We want to be able to identify some terms as we can identify the application of a function to a given argument with its result. For instance the identity function over a given type T can be written λ x:Tx. In any global environment E and local context Γ, we want to identify any object a (of type T) with the application ((λ x:Txa). We define for this a reduction (or a conversion) rule we call β:

E[Γ] ⊢ ((λ x:Ttu) ▷β t{x/u

We say that t{x/u} is the β-contraction of ((λ x:Ttu) and, conversely, that ((λ x:Ttu) is the β-expansion of t{x/u}.

According to β-reduction, terms of the Calculus of Inductive Constructions enjoy some fundamental properties such as confluence, strong normalization, subject reduction. These results are theoretically of great importance but we will not detail them here and refer the interested reader to [24].


A specific conversion rule is associated to the inductive objects in the global environment. We shall give later on (see Section 4.5.3) the precise rules but it just says that a destructor applied to an object built from a constructor behaves as expected. This reduction is called ι-reduction and is more precisely studied in [126, 145].


We may have variables defined in local contexts or constants defined in the global environment. It is legal to identify such a reference with its value, that is to expand (or unfold) it into its value. This reduction is called δ-reduction and shows as follows.

E[Γ] ⊢ xδ t     if (x:=t:T) ∈ Γ         E[Γ] ⊢ cδ t     if (c:=t:T) ∈ E

Coq allows also to remove local definitions occurring in terms by replacing the defined variable by its value. The declaration being destroyed, this reduction differs from δ-reduction. It is called ζ-reduction and shows as follows.

E[Γ] ⊢ let x:=u in tζ t{x/u}

Another important concept is η-expansion. It is legal to identify any term t of functional type ∀ x:T, U with its so-called η-expansion λ x:T.  (t x) for x an arbitrary variable name fresh in t.

Remark: We deliberately do not define η-reduction:

λ x:T.  (t x) ⋫η t

This is because, in general, the type of t need not to be convertible to the type of λ x:T.  (t x). E.g., if we take f such that:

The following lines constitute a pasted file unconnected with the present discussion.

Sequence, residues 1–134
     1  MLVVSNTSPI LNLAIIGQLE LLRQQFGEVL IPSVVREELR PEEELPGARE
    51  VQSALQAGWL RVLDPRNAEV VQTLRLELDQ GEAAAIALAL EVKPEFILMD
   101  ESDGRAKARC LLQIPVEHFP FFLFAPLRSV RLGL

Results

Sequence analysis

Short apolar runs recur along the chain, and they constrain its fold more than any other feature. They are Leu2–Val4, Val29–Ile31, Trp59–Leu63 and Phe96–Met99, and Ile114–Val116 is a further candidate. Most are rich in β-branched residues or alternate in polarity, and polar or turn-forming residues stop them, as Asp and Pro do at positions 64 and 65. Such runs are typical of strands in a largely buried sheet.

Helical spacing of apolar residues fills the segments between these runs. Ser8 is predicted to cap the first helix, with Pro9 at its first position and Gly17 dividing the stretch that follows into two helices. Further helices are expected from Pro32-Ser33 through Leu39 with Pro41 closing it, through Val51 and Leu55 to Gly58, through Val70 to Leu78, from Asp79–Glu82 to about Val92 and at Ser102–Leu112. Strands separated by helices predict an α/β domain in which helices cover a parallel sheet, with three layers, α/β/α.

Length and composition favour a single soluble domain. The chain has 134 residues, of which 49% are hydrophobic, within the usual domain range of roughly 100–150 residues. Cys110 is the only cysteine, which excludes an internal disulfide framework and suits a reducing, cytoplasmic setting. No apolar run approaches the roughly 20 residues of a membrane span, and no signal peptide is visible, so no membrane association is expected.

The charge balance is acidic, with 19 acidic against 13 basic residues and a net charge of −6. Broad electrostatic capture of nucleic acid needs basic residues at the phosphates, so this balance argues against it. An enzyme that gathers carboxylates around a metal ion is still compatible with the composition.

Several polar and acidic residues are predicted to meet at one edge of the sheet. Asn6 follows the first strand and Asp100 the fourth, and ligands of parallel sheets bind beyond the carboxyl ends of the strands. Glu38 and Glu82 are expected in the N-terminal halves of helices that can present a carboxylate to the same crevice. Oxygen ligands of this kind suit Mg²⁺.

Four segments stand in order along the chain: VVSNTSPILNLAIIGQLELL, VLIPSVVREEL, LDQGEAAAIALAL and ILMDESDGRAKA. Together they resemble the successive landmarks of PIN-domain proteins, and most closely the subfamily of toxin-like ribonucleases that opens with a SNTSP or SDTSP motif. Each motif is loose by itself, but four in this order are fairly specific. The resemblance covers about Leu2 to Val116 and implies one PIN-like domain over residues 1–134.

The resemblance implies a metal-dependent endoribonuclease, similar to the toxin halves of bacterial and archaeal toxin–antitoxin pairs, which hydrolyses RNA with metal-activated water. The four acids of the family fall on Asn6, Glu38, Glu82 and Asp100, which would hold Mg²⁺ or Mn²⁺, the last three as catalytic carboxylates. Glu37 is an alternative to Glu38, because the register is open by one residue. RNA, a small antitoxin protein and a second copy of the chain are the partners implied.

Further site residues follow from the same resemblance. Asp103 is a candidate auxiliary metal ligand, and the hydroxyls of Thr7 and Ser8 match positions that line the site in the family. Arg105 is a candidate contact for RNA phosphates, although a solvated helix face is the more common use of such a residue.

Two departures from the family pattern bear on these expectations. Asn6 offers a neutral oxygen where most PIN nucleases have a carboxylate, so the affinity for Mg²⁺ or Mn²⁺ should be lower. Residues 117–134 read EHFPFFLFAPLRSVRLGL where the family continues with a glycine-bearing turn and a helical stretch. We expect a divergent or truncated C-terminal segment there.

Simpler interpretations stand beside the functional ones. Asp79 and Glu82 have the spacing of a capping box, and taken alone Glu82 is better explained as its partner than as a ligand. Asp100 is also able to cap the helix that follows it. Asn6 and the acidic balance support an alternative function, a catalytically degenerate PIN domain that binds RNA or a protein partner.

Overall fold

f : ∀ x:Type(2),Type(1)


λ x:Type(1),(f  x) : ∀ x:Type(1),Type(1)

We could not allow

λ x:Type(1),(f x) ⋫η f

because the type of the reduced term ∀ x:Type(2),Type(1) would not be convertible to the type of the original term ∀ x:Type(1),Type(1).


Let us write E[Γ] ⊢ tu for the contextual closure of the relation t reduces to u in the global environment E and local context Γ with one of the previous reduction β, ι, δ or ζ.

We say that two terms t1 and t2 are βιδζη-convertible, or simply convertible, or equivalent, in the global environment E and local context Γ iff there exist terms u1 and u2 such that E[Γ] ⊢ t1 ▷ … ▷ u1 and E[Γ] ⊢ t2 ▷ … ▷ u2 and either u1 and u2 are identical, or they are convertible up to η-expansion, i.e. u1 is λ x:Tu1 and u2 x is recursively convertible to u1, or, symmetrically, u2 is λ x:Tu2 and u1 x is recursively convertible to u2. We then write E[Γ] ⊢ t1 =βδιζη t2.

Apart from this we consider two instances of polymorphic and cumulative (see Chapter 29) inductive types (see below) convertible E[Γ] ⊢ t w1wm =βδιζη t w1′ … wm′ if we have subtypings (see below) in both directions, i.e., E[Γ] ⊢ t w1wmβδιζη t w1′ … wm′ and E[Γ] ⊢ t w1′ … wm′ ≤βδιζη t w1wm. Furthermore, we consider E[Γ] ⊢ c v1vm =βδιζη cv1′ … vm′ convertible if E[Γ] ⊢ vi =βδιζη vi′ and we have that c and c′ are the same constructors of different instances the same inductive types (differing only in universe levels) such that E[Γ] ⊢ c v1vm : t w1wm and E[Γ] ⊢ cv1′ … vm′ : tw1′ … wm′ and we have E[Γ] ⊢ t w1wm =βδιζη t w1′ … wm′.